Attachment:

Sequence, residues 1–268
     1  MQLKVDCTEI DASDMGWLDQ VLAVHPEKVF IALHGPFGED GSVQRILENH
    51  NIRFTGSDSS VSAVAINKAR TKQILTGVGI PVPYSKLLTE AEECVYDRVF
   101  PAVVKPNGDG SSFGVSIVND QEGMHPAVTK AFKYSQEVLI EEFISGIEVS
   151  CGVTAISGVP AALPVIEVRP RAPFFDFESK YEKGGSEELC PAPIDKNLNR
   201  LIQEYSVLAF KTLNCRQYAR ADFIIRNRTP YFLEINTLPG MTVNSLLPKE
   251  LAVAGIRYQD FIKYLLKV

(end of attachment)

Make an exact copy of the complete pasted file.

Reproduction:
Sequence, residues 1–268
     1  MQLKVDCTEI DASDMGWLDQ VLAVHPEKVF IALHGPFGED GSVQRILENH
    51  NIRFTGSDSS VSAVAINKAR TKQILTGVGI PVPYSKLLTE AEECVYDRVF
   101  PAVVKPNGDG SSFGVSIVND QEGMHPAVTK AFKYSQEVLI EEFISGIEVS
   151  CGVTAISGVP AALPVIEVRP RAPFFDFESK YEKGGSEELC PAPIDKNLNR
   201  LIQEYSVLAF KTLNCRQYAR ADFIIRNRTP YFLEINTLPG MTVNSLLPKE
   251  LAVAGIRYQD FIKYLLKV